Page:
Review – Recompile

Recompile looks like a surefire hit at first glance. There are tons of elements about it that make it stand out, at least in a commercial sense. This is a 3D metroidvania set inside a computer, with you playing as an anthropomorphic embodiment of a virus dealing with a malfunctioning mainframe. This entire story takes place within a mere literal second, showcasing the amount of processes that happen all the time inside your rig. The sound design is full of loud bass blasts and weird techno noises. It’s also an actual next-gen exclusive, unlike pretty much every other multiplatform game out there in the moment. Everything sounds good in concept, but sadly, this love letter to Weird Al’s “It’s All About the Pentiums” misses the mark when it comes to its execution.

Recompile Protagonist

The playable character does look like the Intellivision mascot, don’t you think?

The unique setting gave the developers a lot of freedom to create some of the more bizarre and flashier environments in an indie game in recent memory. Nothing makes a lot of literal sense, yet the fact everything is an abstract hodgepodge of wires and neon fits perfectly within this setting. This ended up being a double-edged sword, though. With the entire level design and graphics based around the contrast between dark floors and flashing lights, Recompile can become a visual nightmare at times, with platforms becoming way too dark to the point of you not being able where to jump to next.

Recompile Visuals

How can a game be way too dark and way too bright at the same time?

This is a big problem because, sadly, despite featuring some well-crafted platforming sections, the act of jumping onto said platforms isn’t very well-developed. Recompile doesn’t feature responsive controls, its jumping mechanics are subpar at best (oddly enough since your avatar can actually jump very high), and its combat sections… hoo boy. I appreciate that the virtual gun you’re given has infinite ammo and little recoil, and I even like how it looks a bit like the Service Pistol from Control. However, your aiming is slow and you cannot move the aiming camera around as freely as you can move the camera while platforming. Enemies tend to position themselves in a way you can’t actually aim at them, which only adds insult to injury. Not to mention the irritating boss battles…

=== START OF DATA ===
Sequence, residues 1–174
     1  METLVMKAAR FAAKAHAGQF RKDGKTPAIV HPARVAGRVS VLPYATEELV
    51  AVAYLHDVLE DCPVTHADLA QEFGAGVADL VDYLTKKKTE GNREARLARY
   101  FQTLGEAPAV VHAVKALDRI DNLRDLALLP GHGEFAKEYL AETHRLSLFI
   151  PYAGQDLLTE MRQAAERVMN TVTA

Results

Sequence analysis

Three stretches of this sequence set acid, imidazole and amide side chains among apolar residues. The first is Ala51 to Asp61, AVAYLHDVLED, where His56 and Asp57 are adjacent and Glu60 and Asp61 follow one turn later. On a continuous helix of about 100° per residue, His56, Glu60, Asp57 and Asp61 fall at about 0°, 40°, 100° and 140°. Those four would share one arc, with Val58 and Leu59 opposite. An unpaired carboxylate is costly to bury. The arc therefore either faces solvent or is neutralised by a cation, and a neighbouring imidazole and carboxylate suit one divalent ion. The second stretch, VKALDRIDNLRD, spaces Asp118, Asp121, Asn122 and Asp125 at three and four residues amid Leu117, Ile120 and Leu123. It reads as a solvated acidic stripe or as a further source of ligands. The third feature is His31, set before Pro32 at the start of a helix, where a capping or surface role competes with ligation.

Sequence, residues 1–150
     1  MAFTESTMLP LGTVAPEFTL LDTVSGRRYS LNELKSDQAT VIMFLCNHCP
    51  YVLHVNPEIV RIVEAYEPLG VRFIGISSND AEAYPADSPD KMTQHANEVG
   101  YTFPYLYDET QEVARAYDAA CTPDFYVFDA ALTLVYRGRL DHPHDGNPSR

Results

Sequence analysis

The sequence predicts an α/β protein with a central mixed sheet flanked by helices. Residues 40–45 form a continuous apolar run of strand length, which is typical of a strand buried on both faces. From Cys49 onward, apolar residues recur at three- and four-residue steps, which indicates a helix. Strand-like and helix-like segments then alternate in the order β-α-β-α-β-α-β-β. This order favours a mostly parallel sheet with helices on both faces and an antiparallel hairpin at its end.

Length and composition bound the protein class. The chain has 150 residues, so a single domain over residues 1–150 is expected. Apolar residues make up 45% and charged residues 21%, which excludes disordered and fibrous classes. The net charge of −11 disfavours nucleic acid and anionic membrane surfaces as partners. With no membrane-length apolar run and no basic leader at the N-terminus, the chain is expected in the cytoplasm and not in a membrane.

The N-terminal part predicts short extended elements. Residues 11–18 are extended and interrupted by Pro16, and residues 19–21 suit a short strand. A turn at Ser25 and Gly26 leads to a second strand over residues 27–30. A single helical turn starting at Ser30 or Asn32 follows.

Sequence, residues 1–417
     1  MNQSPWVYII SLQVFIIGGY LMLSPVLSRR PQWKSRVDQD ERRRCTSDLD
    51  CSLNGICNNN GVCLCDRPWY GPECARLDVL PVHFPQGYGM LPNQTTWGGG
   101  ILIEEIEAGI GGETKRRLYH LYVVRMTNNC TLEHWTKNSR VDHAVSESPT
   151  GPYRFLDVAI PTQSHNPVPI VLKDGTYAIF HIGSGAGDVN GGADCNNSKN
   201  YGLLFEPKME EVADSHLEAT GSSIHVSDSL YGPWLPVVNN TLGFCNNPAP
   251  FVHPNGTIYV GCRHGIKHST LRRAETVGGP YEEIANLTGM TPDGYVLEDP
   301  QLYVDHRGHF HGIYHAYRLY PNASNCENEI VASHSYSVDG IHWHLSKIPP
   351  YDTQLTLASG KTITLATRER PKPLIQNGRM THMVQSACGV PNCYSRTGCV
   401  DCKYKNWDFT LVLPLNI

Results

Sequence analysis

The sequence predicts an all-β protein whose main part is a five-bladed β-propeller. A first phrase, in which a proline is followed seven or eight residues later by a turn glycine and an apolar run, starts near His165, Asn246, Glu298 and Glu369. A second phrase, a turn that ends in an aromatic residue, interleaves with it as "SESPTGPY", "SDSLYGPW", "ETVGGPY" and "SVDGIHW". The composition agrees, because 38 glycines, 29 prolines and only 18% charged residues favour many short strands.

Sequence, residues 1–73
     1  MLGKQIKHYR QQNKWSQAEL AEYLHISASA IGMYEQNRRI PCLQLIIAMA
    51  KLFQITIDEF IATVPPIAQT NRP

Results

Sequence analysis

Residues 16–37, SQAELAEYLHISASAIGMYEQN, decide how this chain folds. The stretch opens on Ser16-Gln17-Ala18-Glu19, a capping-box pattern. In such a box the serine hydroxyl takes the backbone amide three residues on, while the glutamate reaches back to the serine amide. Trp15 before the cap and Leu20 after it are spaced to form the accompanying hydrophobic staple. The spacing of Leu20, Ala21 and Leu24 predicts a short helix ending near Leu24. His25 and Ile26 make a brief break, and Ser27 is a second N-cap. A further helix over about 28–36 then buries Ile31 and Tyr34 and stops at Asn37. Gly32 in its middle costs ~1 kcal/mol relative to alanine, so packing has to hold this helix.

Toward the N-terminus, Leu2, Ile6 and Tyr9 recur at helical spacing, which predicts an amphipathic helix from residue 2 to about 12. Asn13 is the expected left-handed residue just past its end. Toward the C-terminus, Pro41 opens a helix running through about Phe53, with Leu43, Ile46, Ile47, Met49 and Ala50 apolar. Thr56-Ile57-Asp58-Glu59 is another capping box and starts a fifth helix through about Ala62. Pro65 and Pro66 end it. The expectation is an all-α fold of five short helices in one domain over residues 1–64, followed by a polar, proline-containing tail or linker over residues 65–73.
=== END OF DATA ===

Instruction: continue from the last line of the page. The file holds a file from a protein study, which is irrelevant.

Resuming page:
Nothing in here ended up being a deal-breaker per se. Nothing felt broken. If Recompile had had one or two of these issues, I would call them mere inconveniences you could get used to. The problem is that the game features tons of these aforementioned inconveniences, which only tend to make each and every one of them more annoying when you have to juggle between two or three of them at any given moment, not unlike my experience with Death Stranding. Sadly, I don’t know if some of these issues can be easily fixed with a patch, since a handful of them stem from the game’s overall visual presentation and design. Recompile would need to go back to the drawing board in order to be fixed.


Recompile’s combat is just… yikes.

Recompile is a great idea in concept. It surely is unique when it comes to its setting, visuals, and its “blink and you’ll miss it” story (in more ways than one when it comes to the latter), but as a game itself, it suffers from a myriad of issues that ended up hampering my enjoyment with it. None of the issues were game-breaking, but when piled up altogether, resulted in a barrage of inconveniences that just made me not to want to play the game for long periods of time.


Graphics: 6.5

The game’s stupidly unique art style acts as an Achilles’ heel: it’s colorful and bright, but that also heavily contrasts with the overall level design, making it pretty hard for the player to actually see any platforms in front of the playable character.

Gameplay: 6.0

The good level design and metroidvania-esque progression system are hampered by poor platforming and combat.

Sound: 7.0

The soundtrack isn’t anything worth writing home about, but I did enjoy its loud, technology-esque sound effects a lot.

Fun Factor: 6.0

Recompile is unique in concept and its story isn’t half-bad either. It is sadly hampered by a myriad of technical issues which, despite not being deal-breakers, pile up and become a major hassle for the player.

Final Verdict: 6.0

Recompile is available now on PS5, Xbox Series S/X, and PC.

Reviewed on PS5.

A copy of Recompile was provided by the publisher.